Wired.com Throws Ebooks Under The Superficial Bus

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I really hope this article from Wired is a joke. The title is ’5 Reasons Why Ebooks Aren’t There Yet.’ When I saw this title, I thought maybe they’d discuss serious issues like ebook quality control, lack of a standard format, or the failure of the publishing industry to fully embrace ebooks.

Sadly, I gave Wired too much credit. Rather than addressing the serious issues, like the ones above above, the article gives us a few new shallow reasons why ebooks are still inferior to print.

Only this article seems to take it a step further. Take the first reason, for example:

1) An unfinished e-book isn’t a constant reminder to finish reading it.

Two months into 2011, The New York Times tech reporter (and former Wired reporter Jenna Wortham) wrote excitedly that she had finally finished her first e-book — how is such technological tardiness possible for someone so plugged in? Wortham had an excellent explanation: She kept forgetting to pick up any e-book she had started reading.

She couldn’t remember that she was reading a book? That sounds more like a personal problem rather than something intrinsically wrong with ebooks. In all the years I’ve been reading ebooks I have never once forgotten to keep reading something I had started. I’ve given up on books for one reason or another, but never forgot about the book entirely.

The next reason is not quite as superficial although it is very misguided:

2) You can’t keep your books all in one place.

Books arranged on your bookshelves don’t care what store they came from. But on tablets and smartphones, the shelves are divided by app — you can’t see all the e-books you own from various vendors, all in one place. There is simply no app for that. (With e-readers, you are doubly punished, because you can’t buy anything outside the company store anyway).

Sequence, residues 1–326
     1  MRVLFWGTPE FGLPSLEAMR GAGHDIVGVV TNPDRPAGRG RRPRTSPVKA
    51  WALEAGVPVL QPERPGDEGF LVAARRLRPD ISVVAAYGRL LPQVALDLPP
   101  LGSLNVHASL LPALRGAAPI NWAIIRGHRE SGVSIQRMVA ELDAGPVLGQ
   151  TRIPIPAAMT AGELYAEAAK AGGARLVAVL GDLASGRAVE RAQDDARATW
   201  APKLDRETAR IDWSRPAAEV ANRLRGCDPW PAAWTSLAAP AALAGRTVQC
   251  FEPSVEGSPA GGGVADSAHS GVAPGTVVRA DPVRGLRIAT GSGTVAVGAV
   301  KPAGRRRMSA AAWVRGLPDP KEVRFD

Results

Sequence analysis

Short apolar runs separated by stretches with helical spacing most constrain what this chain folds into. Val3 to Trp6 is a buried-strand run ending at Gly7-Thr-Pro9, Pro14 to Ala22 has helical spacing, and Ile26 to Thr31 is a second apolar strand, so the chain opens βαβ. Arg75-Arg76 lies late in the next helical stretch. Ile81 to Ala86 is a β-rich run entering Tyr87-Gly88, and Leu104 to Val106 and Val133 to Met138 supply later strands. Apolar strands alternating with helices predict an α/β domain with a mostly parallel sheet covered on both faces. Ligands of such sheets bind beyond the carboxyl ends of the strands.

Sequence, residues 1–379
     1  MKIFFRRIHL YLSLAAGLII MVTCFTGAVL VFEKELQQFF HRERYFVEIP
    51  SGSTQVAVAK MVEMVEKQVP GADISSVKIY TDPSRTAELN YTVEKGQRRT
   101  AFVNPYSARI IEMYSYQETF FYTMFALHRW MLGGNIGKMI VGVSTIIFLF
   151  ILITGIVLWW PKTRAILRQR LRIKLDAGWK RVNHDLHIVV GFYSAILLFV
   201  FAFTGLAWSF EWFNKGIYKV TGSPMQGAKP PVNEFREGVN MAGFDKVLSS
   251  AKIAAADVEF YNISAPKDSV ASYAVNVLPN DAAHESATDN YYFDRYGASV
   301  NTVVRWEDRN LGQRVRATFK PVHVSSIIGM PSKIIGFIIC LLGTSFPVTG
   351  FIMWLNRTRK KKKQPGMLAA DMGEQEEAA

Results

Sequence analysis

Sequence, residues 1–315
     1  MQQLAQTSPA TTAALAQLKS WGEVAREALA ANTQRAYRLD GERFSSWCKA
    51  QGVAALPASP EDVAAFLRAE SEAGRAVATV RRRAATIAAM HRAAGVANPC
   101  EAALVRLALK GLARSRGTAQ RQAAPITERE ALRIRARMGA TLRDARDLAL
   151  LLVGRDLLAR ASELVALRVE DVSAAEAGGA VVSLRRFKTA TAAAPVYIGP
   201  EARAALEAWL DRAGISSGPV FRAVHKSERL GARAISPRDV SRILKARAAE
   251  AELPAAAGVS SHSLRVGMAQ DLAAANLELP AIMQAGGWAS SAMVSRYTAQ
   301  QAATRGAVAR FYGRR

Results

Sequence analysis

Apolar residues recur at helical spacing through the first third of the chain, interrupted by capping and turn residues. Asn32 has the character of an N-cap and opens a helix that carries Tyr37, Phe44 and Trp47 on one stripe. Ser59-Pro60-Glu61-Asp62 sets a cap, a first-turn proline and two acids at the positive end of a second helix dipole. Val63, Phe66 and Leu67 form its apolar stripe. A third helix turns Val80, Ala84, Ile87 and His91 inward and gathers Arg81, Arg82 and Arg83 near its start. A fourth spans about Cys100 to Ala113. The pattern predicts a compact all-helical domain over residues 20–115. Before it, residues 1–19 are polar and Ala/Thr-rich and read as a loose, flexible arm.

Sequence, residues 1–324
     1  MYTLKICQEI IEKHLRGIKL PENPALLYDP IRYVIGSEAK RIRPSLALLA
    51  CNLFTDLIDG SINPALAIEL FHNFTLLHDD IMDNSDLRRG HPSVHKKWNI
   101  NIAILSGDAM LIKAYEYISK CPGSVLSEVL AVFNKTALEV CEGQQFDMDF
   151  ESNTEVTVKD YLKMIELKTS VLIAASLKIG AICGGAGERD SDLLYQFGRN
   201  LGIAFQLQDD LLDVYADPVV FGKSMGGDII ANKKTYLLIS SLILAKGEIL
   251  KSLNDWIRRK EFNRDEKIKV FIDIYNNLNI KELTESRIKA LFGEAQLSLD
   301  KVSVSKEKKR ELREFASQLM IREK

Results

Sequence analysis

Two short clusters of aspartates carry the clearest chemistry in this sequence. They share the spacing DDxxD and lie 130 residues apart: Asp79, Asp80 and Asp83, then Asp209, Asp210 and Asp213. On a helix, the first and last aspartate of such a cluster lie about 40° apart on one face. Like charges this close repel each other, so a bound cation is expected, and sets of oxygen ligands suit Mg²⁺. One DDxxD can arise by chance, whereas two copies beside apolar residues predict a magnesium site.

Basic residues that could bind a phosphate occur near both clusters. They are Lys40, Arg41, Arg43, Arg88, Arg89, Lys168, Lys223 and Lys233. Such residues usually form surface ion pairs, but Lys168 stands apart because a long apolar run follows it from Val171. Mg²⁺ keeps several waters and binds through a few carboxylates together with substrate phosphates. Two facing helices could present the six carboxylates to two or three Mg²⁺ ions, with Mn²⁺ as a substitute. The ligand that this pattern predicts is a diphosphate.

Really? Because all the ebooks I buy from Amazon are available on my brand new Kindle, iPad, iPhone and computer. That’s pretty darn convenient. The article assumes people buy ebooks from different places, like Amazon, B&N, Sony and so forth. But I’m inclined to think that most people are loyal to one vendor or the other.

The third reason is also misguided. I’m beginning to think the author has never even studied all the features ebooks have to offer.

Books don’t offer much white space for readers to riff in, but e-books offer none. And what about the serendipity of sharing your thoughts, and being informed by the thoughts of others, from the messages in shared books?

The Kindle (and the Nook) allow the user to make notes, highlight passages and share them. Not only that, but your notes and highlights are stored in your account so you can access them from multiple devices. Furthermore, social media makes it possible to share thoughts and messages with even more people than a print book ever could. Ebooks are very social media friendly.

The fourth reason they give is about pricing, which I actually kind of agree with. Paying $12.99 for an ebook is a bit much, especially when you consider the cost of a paperback is a few bucks less. I’ll give the article a pass on this one.

I’m not even going to dignify the fifth reason with a response because the main criticism is that ebooks can’t be used for “interior design” purposes. Yeah, a bookshelf filled with books looks good in any room, but it’s beyond shallow to use that as a criticism against ebooks.

In the end, the biggest blunder the Wired article makes is trying to hold ebooks and print books to the same standard. They both serve the same function (reading for entertainment, information, etc.), they just do it using a different medium.

 

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